Archives for the month of: August, 2013

I heard from an old friend this week– someone who has been down for a long time. There is no worse feeling then the helplessness of watching a friend go through a rough patch and not being able to help them change things.

We hadn’t talked properly in almost a year, partially because of physical distance, partially because I think they were avoiding old friends with our concerned looks and pointed questions.

But yesterday we skyped and much to my intense relief something had changed,  the mood had lifted. My friend was hopeful again and able to plan for a future they were excited about. We could laugh again, we could joke about things that had made us both sad just a year ago.

They were so happy, still sarcastic, irreverent and a little jaded , but still happy.

And I ❤ that so much, isn’t this what we wish for all the people that we love?


This time of year I love walking down the hill to catch the bus to work because this is the view along the way….



































My family thinks I talk too much but most other people tell me I am a good listener. Considering my line of work, I think that being a good listener is a skill I have had to hone and think about a lot.  Contrary to the idea that listening is a passive activity, I think the best listeners are really engaged and curious.  Good listener ask relevant and genuine questions, they empathize and react.

Recently I got a rather unusual opportunity to publicly demonstrate what a good listeners I can be.

Let me explain.

Every year Bhutan hosts the Mountain Echoes  literary festival which is intended to bring together Indian and Bhutanese literary and cultural figures. This year at the very last minute ( there was a cancellation of some kind) my mother recommended me to help out on a session with an Indian author called Amish Tripathi. Apparently both she and I live under a rock because we hadn’t heard of him or his Trilogy on the Hindu Shiva.  But I was promised a free book, so of course I was quick to agree. So I read the book, a fast-paced, well-plotted  re-imagining of the myth of Shiva.  It was an unexpectedly fun read and I felt there was a lot we could talk about, so far so good.

Now  this was the first literary festival I had ever been to and I wanted to do a  good job , so I did my  research  and much to my absolute horror discovered that the book was a runaway bestseller in India ( nearly 2 million copies in print) and the guy had been interviewed by every big name Indian publication in English– how on earth was I going to say anything new or different or fresh?

I was so nervous but after a reassuring chat with the organizer and meeting Amish the evening before our session, where he was refreshingly relaxed and down to earth ( despite being stopped every five mins for a photo or autograph), I figured I was at least as ready as I could be.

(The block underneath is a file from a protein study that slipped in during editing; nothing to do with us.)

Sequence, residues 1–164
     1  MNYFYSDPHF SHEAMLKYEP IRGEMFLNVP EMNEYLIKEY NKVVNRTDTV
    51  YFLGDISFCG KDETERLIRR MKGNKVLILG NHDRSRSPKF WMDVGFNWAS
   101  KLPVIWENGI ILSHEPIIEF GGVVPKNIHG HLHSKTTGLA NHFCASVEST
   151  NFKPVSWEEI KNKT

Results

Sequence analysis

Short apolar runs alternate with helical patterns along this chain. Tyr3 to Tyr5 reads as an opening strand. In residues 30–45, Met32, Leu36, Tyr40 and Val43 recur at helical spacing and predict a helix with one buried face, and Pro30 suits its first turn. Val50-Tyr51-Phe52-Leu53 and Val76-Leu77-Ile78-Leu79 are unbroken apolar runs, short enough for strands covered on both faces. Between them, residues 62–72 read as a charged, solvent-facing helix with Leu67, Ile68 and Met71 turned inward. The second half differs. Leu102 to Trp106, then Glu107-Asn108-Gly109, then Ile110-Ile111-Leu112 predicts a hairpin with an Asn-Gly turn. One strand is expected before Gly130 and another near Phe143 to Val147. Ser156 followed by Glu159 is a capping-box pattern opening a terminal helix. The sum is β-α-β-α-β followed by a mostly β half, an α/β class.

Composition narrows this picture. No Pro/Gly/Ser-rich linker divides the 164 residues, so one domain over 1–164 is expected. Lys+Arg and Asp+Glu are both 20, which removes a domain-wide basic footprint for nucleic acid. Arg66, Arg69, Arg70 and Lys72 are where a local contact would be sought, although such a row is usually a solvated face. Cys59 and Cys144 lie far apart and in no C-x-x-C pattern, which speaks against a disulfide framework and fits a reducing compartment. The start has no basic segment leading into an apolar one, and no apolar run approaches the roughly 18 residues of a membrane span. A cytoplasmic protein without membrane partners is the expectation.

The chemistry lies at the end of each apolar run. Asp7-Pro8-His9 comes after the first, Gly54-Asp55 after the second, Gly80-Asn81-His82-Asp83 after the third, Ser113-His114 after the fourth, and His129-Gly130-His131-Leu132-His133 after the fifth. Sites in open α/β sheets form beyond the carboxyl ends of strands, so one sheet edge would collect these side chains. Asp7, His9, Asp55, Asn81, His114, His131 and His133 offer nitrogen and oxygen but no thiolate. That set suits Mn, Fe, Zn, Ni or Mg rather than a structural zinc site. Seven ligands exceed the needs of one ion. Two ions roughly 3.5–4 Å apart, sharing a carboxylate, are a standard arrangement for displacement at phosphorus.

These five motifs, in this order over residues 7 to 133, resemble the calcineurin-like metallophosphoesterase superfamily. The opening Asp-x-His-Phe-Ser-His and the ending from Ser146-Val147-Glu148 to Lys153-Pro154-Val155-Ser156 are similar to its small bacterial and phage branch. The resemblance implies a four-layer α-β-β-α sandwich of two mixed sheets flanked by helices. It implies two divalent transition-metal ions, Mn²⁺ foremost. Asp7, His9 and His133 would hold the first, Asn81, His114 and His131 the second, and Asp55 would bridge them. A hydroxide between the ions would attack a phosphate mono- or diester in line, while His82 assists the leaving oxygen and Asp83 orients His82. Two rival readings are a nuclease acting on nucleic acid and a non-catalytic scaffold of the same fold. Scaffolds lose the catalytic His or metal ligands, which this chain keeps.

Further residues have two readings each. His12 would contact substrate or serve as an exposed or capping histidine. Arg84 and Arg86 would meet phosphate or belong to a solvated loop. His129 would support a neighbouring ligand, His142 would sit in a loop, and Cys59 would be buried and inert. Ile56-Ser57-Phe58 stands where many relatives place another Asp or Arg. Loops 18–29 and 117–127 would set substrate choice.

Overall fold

My decision going in was to tell myself: this is not about me. My job is to make the author look good and interesting and talented. I was careful to make all my questions simple and precise.  None of them showed me off.  None of them were designed to catch him off guard.

Long story short  our session went really well. He turned out to be charming, smart, articulate and just a really really engaging person to talk to.


( Here I am listening, while wearing FAR too much red)

Much to my ( and probably his surprise) I had managed to come up with a question  that was newish for him and that he was excited to answer.  And I think that question worked particularly well because it was my most genuine question. I told him how much I loved the  strong female characters ( doctors, warrior, leaders) in his book and asked if  this was deliberate.  And his response was very much about him getting on a soap box and talking about the need for gender equity in India and beyond. (You can read more about his response here )

Lots of people ( some of them related to me– so maybe they don’t count?) came up afterward to see how well they thought I did , but I have to admit this tweet ( which doesn’t really mention me)  was what made me really happy.


Barkha Dutt is one the best known Indian TV Journalists, she has several widely watched TV shows where she moderates panels discussing the hottest social and political topics of the day. I can’t even think of an American equivalent for her. She has the reputation for being opinionated, smart and tough.  She asks tough, fearless question.  The fact that she thought one of the questions I asked was a good one… well that I really really ❤